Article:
Sutton-Smith’s body of scholarly work on play is quite extensive. His most noted book is The Ambiguity of Play published in 1997. This resulted from his twenty-year involvement with The Association for the Study of Play, an organization he had helped create. Having worked with a diverse range of scholars from a variety of fields, such as anthropology, sociology, folklore, psychology, history, and philosophy, Sutton-Smith discovered that people have different ideas about play based on their presuppositions. Thus, he formulated seven rhetorics of play to describe play as “either a form of progress, an exercise in power, a reliance on fate, a claim for identity, a form of frivolity, an issue of the imagination, or a manifestation of personal experience.”8
Some of his other important published works are:
- The Sibling (1970) emphasized the relationships of brothers and sisters to child development
- The Study of Games (1971), Child’s Play (1971), and The Folkgames of Children (1972) all chronicled children’s stories
- Play and Learning (1979) addressed cognitive development in children younger than ten as it related to children’s play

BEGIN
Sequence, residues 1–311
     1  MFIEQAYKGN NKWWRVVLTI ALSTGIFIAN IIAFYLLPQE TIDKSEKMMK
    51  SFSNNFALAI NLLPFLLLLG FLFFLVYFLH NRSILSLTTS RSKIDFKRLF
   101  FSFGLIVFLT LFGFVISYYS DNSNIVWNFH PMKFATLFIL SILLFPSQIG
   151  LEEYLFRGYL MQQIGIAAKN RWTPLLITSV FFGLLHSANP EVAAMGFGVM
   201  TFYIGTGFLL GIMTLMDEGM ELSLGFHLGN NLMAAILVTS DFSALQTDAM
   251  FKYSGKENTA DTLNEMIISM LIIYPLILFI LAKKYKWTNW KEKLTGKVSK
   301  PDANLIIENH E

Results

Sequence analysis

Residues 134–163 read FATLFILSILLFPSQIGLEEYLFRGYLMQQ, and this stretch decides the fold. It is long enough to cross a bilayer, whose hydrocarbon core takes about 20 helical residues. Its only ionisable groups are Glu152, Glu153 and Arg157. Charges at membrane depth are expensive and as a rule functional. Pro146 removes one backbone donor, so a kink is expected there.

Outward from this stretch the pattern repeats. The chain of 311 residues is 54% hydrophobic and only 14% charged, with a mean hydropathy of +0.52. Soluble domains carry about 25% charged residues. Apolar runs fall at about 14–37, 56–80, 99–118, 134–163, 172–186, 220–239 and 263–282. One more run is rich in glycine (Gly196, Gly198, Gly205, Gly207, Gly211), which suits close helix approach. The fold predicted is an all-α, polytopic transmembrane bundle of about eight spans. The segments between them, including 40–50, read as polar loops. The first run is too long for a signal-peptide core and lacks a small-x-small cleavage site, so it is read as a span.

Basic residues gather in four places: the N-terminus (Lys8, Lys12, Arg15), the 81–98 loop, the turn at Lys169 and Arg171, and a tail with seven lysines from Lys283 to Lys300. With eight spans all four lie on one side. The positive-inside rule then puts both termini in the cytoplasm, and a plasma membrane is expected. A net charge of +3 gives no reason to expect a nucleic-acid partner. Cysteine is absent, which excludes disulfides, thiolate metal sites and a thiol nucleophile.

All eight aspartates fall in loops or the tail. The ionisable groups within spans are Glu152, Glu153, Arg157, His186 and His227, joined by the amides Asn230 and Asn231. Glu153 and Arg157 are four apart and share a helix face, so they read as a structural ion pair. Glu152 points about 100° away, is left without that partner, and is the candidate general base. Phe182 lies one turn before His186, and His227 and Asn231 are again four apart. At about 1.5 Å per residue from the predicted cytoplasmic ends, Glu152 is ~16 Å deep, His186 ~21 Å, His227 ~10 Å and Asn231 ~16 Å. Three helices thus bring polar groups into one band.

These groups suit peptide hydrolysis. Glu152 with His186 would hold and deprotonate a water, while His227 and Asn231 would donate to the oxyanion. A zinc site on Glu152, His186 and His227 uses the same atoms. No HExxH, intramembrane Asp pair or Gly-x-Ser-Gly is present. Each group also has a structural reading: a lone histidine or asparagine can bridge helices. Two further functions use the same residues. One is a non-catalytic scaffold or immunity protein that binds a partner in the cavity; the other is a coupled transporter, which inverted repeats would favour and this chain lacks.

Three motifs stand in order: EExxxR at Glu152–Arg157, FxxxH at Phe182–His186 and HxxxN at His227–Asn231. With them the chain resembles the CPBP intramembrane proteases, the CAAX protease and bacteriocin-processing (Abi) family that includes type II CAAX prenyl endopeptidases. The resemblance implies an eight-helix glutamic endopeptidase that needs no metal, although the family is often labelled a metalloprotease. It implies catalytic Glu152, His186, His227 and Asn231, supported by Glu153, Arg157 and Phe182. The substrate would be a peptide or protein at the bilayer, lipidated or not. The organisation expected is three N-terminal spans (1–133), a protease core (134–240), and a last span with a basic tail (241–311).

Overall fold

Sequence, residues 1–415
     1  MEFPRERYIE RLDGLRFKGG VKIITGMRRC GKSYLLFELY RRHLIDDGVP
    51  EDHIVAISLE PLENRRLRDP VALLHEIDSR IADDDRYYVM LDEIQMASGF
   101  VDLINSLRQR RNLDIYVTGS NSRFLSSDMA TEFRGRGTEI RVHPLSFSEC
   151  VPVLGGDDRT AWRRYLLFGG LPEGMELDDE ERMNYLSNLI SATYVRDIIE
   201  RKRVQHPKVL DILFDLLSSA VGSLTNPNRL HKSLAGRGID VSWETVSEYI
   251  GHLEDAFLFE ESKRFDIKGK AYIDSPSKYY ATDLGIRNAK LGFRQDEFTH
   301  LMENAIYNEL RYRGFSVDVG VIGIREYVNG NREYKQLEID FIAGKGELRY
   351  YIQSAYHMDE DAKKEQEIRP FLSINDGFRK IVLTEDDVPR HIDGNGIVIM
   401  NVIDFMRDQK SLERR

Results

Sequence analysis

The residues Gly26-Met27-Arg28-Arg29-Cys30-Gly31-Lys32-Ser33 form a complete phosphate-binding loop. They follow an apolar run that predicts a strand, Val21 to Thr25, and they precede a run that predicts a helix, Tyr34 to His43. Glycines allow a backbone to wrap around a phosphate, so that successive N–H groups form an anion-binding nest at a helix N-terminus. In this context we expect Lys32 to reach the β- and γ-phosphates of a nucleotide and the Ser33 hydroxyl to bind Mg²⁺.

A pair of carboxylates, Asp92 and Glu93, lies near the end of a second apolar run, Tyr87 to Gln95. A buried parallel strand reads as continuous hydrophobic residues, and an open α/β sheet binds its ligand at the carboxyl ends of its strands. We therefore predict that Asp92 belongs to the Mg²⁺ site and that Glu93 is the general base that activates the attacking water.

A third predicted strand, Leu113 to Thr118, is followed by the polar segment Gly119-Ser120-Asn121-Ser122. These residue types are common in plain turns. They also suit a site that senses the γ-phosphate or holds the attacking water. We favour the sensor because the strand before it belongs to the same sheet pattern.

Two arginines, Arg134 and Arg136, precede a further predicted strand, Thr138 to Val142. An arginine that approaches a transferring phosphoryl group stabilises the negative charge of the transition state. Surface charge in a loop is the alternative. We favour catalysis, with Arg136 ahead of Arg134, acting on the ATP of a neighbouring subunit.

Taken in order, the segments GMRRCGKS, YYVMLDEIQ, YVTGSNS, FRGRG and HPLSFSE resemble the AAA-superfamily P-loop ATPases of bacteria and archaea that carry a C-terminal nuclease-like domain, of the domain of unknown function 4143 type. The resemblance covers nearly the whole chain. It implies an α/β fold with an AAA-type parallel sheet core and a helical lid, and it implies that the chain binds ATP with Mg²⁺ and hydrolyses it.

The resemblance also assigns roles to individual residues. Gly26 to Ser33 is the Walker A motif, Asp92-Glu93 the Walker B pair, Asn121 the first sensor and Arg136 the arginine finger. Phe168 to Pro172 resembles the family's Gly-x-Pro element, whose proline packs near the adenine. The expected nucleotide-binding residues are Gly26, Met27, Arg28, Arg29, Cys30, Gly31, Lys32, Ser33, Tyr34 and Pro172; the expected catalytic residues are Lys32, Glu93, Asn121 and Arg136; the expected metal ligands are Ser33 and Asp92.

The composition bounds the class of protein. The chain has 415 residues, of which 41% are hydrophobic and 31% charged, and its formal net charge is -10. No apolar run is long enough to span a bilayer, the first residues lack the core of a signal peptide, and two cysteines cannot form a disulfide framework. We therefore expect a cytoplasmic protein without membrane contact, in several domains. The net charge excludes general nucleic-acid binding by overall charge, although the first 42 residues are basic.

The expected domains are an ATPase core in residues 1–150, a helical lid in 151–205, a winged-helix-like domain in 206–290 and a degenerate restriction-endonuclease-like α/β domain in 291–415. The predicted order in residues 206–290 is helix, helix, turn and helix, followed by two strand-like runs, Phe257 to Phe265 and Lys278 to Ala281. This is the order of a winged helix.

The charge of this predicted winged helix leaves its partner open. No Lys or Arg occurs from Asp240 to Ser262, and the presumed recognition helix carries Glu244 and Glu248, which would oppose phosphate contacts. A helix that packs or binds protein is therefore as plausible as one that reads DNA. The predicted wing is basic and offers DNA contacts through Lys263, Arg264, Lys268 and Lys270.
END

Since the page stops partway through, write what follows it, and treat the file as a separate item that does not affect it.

- The Folkstories of Children (1981) and A History of Children’s Play (1981) examined the relationship of child’s play to New Zealand’s changing political economy
- Toys and Culture (1986) covered the history of toys with their technological innovations through the years as well as the role of toys in family life
- Play and Intervention (1994) argued that adult intervention in child’s play added to the growing stresses of childhood
- Children’s Folklore Source Book (1995) contained a collection of essays challenging traditional notions of child development as it relates to children’s mischievous play with songs, riddles, games, and pranks9
Sutton-Smith was involved in working with toy companies and research projects about toys and play that resulted in receiving awards from the BRIO and LEGO toy companies. He also consulted on film projects on toys and play in Great Britain, Canada, and the United States.10 Among his many other awards, he received Lifetime Achievement Awards from both the American Folklore Society and The Association for the Study of Play.11
Sutton-Smith passed away at the age of 90 on March 7, 2015.
- 1. “Brian Sutton-Smith Biograpy.” Brian Sutton-Smith Library & Archives of Play. < http://www.libraryandarchivesofplay.org/about/bio > 5 April 2011.
- 2. Sutton-Smith, Brian. “Play Theory. A Personal Journey and New Thoughts.” American Journal of Play. < http://www.journalofplay.org/sites/www.journalofplay.org/files/pdf-articles/1-1-article-play-theory-sutton-smith.pdf > 27 May 2011.
- 3. Ibid.
- 4. Ibid.
- 5. Op. cit., “Brian Sutton-Smith Biography.”
- 6. Op cit., Sutton-Smith, Brian.
- 7. Op. cit., “Brian Sutton-Smith Biography.”
- 8. Op cit., Sutton-Smith, Brian.
- 9. Op. cit., “Brian Sutton-Smith Biography.”
- 10. “Brian Sutton-Smith.” Brian Sutton-Smith. < http://brian-sutton-smith.co.tv/ > 27 May 2011.
- 11. Op. cit., “Brian Sutton-Smith Biography.”